But there’s more! Family strife also abounds; Nina’s brother Lee is going to the club (and taking Ecstasy) for the first time; Koop’s dad has had a breakdown, and believes that Koop is actually a pair of identical twins called Leon who are bringing him news about the war going on outside the mental home where he’s incarcerated; and Jip’s Ma makes her cash by providing discrete ‘services’ for elderly gentlemen.

With that much unresolved tension hanging in the air, you could easily imagine that this film could devolve into an emotional rollercoaster when mixed with drugs and drink; I remember watching this film thinking – “Here it comes, here comes the part where it all falls apart and all their lives are ruined forever”.

But it never happens; in what is either a stroke of genius or madness, the characters work around their problems, or forget their problems, never confronting, resolving, or being brought low by them. Those problems seem to exist only to show that these characters are real people; but they have no major bearing on the film other than providing dialogue-fodder for our heroes and heroines to discuss.

In many ways, this film is almost the anti-Requiem For A Dream. Rather than show the inevitable decline a hard drug habit causes; it shows both the up and down sides of the recreational drug use that is part of the club culture. It doesn’t do it in a preachy way, or a glamorous way; the message of this film isn’t really about drugs at all. But the attitude of this film is pretty much summed up during a scene where Jip is watching a tape of some classic Bill Hicks standup. Bill’s line, from a famous show of his, goes simply “I’ve had great times on drugs. Never killed anyone, never hurt anyone, never raped anyone, never lost a home, job, wife, or kids, laughed my ass off, and went about my day. Sorry”.

As a sell, like I said at the beginning of the film, this is close to impossible. I really can’t see a situation where someone in the US will walk into their local BlockBuster, walk up to the counter and say “Hi! I’m looking for a practically plotless British film involving strange camera angles, weird flashbacks, drug use, and club tunes. Oh, and if the characters could have some kind of regional accent that’s hard for outsiders to understand and swear every sentence, and if it could be peppered with references only Brits or deranged anglophiles would get, that would be great!”.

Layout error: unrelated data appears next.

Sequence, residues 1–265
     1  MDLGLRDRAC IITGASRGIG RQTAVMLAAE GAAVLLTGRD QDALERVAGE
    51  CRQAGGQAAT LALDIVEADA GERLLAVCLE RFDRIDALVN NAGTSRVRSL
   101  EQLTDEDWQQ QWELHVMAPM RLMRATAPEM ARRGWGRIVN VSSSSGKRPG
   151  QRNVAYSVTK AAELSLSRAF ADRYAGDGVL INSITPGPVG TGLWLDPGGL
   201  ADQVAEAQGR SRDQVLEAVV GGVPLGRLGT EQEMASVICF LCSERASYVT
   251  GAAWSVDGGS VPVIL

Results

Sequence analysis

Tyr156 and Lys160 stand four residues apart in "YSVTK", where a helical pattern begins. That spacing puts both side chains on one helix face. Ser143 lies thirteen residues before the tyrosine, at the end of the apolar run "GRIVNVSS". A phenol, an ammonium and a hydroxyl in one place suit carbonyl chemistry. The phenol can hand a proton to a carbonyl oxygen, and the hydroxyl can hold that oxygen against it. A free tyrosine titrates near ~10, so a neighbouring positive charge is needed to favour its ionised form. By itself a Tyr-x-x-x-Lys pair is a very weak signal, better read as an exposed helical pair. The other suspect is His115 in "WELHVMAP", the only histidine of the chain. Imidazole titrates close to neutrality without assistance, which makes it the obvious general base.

I don’t think so.

Which is a shame, because for all my whining about the film not actually doing anything other than following five people on a night out at a club, it does have a lot to say about the alienation of the younger generations, and a feeling of belonging the club culture seems to foster. Like I said, it’s not my scene, but having seen this film, I can at least understand the attraction now.

So, if you’re feeling adventurous, and you really want to follow my recommendation, I don’t think Human Traffic is a waste of anyone’s time. It’s a cleverly made, well acted film with a lot to say; but if it goes over your head because of the Anglican references, or offends you with it’s messages or morals, don’t say I didn’t warn you. Oh, and if you’re into the club scene and you’ve not seen this film, I tell you now that you should.

But for me, I’m off to crank up my stereo and see if I can still make my ears bleed.

Didja notice?

  • Oh so many references to British TV in there… sorry, non-Brits, but you’re gonna be going ‘huh?’ a lot.
  • Jip’s Sexual Paranoia manifesting as his ex-girlfriends watching him in bed. Now that’s enough to put any man off his game.
  • The fantastic subtitled conversation between Lulu and her Aunt, where the subtitles say what they actually mean by what they’re saying.
  • Cameo appearance by UK author and prominent pro-cannabis campaigner Howard Marks.
  • The dramatically building and ominous music as Moff tries to cross a busy road while coming down, which cuts off immediately as soon as he makes it to the other side.
  • Dear Film-Makers; having your characters reference Star Wars is no longer cool – STOP IT!
  • An absolutely fantastic in-film rebuff to all the critics who would have inevitably said that the film promoted drug use; very clever, but not very subtle.